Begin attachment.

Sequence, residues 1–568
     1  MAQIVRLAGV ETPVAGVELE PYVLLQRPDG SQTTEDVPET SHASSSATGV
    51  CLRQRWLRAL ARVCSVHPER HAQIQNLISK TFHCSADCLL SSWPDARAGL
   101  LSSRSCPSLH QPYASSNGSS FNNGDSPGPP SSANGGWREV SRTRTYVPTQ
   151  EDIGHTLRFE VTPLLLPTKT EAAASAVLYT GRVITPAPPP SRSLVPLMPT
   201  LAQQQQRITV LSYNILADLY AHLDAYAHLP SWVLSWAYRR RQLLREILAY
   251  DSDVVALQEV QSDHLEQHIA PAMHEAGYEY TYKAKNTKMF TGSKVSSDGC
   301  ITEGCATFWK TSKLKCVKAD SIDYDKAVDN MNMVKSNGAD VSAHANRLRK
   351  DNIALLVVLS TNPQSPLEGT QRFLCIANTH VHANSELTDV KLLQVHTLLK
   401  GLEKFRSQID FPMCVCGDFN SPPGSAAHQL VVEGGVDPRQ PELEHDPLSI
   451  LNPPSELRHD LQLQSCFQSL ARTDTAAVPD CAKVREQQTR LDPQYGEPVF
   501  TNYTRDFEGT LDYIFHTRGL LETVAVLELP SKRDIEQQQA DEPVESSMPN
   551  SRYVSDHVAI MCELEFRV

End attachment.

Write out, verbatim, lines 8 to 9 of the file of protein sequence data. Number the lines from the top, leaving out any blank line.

   301  ITEGCATFWK TSKLKCVKAD SIDYDKAVDN MNMVKSNGAD VSAHANRLRK
   351  DNIALLVVLS TNPQSPLEGT QRFLCIANTH VHANSELTDV KLLQVHTLLK